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The New Zealand Gazette and Wellington Spectator No. 185, Saturday, October 15, 1842

[Editorial, New Zealand Gazette and Wellington Spectator, Saturday, October 15, 1842]

It is very important to the rapid progress of this settlement, that practical information relative to its agricultural capabilities, should extensively be made known. Some persons in a thoughtless mood and others with malicious purpose, have made statements relative to the expense of clearing our wood lands, which have had the effect of keeping at home several well instructed in the business of farming, possessed of means sufficient to enable them to apply their knowledge with good advantage among us, whose purpose it was to be with us, and who would have been here before this time had they not been possessed of the false impressions under which they now labour.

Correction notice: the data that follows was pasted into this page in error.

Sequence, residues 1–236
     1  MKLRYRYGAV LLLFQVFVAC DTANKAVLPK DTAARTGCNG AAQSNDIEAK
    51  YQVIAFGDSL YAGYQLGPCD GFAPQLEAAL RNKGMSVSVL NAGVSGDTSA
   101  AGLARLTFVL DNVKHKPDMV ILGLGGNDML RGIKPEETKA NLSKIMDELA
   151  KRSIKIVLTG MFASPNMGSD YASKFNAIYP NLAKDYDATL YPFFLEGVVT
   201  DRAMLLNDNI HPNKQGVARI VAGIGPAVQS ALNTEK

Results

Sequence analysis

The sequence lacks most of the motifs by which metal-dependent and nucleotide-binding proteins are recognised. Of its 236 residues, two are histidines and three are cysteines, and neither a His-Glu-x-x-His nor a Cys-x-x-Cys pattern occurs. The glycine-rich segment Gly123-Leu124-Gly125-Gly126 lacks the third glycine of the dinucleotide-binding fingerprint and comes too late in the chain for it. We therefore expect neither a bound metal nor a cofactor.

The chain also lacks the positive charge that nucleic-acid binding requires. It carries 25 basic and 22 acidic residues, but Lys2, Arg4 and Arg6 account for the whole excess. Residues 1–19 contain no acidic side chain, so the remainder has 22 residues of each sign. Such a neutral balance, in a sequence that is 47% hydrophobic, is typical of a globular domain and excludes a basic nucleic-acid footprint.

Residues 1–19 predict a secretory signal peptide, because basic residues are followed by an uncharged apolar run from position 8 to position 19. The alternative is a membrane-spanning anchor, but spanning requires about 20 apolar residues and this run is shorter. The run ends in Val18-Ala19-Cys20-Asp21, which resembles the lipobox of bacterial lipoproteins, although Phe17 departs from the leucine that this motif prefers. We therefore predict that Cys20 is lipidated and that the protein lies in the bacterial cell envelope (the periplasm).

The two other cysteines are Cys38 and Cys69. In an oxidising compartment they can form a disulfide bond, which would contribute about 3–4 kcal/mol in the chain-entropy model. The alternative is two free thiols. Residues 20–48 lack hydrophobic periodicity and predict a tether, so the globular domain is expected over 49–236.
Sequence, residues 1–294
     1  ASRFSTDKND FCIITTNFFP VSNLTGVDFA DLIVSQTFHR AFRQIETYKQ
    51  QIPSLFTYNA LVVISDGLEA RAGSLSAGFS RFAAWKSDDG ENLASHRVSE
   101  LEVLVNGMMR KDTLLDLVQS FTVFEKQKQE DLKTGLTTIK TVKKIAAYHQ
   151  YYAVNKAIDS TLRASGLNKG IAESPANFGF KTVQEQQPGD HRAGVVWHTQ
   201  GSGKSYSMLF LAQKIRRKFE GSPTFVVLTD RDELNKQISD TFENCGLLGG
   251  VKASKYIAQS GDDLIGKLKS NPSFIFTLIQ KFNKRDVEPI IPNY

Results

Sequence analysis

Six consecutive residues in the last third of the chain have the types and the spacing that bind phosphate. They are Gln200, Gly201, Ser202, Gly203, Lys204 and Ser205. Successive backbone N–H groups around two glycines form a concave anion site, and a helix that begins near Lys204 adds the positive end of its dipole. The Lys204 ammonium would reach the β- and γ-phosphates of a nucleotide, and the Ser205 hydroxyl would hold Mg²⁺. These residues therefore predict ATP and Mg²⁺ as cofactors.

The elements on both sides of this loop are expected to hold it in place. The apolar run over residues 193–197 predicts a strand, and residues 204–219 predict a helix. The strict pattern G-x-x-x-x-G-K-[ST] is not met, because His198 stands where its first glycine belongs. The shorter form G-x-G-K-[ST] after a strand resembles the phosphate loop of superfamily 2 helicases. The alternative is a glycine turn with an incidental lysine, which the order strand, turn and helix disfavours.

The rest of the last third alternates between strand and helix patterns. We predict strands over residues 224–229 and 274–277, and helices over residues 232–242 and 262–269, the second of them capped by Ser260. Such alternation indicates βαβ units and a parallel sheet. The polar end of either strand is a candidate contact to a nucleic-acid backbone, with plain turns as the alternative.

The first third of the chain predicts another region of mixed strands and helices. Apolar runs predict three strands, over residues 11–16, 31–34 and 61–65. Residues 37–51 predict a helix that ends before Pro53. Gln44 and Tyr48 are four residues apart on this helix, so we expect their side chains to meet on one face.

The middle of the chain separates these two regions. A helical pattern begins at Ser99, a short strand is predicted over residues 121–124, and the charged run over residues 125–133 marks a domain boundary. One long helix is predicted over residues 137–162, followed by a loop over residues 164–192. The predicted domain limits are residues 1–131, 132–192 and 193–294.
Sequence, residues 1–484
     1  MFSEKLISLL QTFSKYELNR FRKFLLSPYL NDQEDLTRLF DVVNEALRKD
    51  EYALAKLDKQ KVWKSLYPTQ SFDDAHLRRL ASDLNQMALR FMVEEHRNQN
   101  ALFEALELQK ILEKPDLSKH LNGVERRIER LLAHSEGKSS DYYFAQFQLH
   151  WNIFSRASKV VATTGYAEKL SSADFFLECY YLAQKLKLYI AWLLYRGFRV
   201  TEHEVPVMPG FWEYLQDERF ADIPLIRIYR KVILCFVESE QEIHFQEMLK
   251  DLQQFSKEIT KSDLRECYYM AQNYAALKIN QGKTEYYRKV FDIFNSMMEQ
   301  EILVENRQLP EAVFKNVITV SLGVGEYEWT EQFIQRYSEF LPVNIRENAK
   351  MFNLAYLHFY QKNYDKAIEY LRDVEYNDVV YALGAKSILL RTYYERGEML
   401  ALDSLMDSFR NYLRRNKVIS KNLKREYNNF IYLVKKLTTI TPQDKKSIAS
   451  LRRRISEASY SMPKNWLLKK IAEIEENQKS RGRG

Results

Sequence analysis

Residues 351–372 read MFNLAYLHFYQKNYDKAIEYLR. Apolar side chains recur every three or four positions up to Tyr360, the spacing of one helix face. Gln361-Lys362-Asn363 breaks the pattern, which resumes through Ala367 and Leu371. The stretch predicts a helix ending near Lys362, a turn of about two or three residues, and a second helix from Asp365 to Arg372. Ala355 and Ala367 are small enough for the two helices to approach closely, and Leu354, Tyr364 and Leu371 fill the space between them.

We have been informed that persons have written home, declaring that it would cost £40 to clear an acre of land in New Zealand. Sometime since we saw a letter in an English paper, containing a statement to the same effect, and we remember hearing a sanguine man, long since deceased, make a similar declaration, but with the qualification that “even at such a cost, the pursuit of agriculture, would be profitable in this country.” Not one of these parties had cleared an acre of ground, and though they may all be good agriculturalists, they were all equally ignorant of a bush or colonial life, their testimony was therefore valueless. But it is a common practice to confound agricultural knowledge with a knowledge of clearing land, which a moments reflection will convince any person, that the two kinds of knowledge have no necessary connection, and that the one may be possessed in perfect ignorance of the other. This confusion however exists, and has had a mischievous effect, to counteract which every effort should be made. We are not aware of any efforts that would meet the case so perfectly as furnishing the actual necessary expenses which have been incurred by those of our settlers, who have proceeded to deal with the bush in a truly business like manner. There are many who are now most industriously employed in waring with the bush, who complain that they lack congenial neighbours with whom to combine in overcoming many evils only to be cured by the aid of a joint power. To these gentlemen we say, furnish the inducement, and you will soon be possessed of social intercourse, and the requisite powers of combining to obtain those means of communication you so much need. That inducement would be aided by a statement of amount of your own outlay, and the probable profit which will ensue. We are happy in being able to say, we have noticed that instead of having been dismayed by an acquaintance with the bush, our settlers with increasing knowledge, increase in confidence of the result of their arduous, energetic and manly pursuit. Under these circumstances we feel confident that the results will be most satisfactory, and we hope at no distant date, we shall have been provided with a mass of facts on the important subject, bringing conviction to the mind of every man, that if he will go to work in the right manner, he will find agriculture as profitable as it is healthful in New Zealand.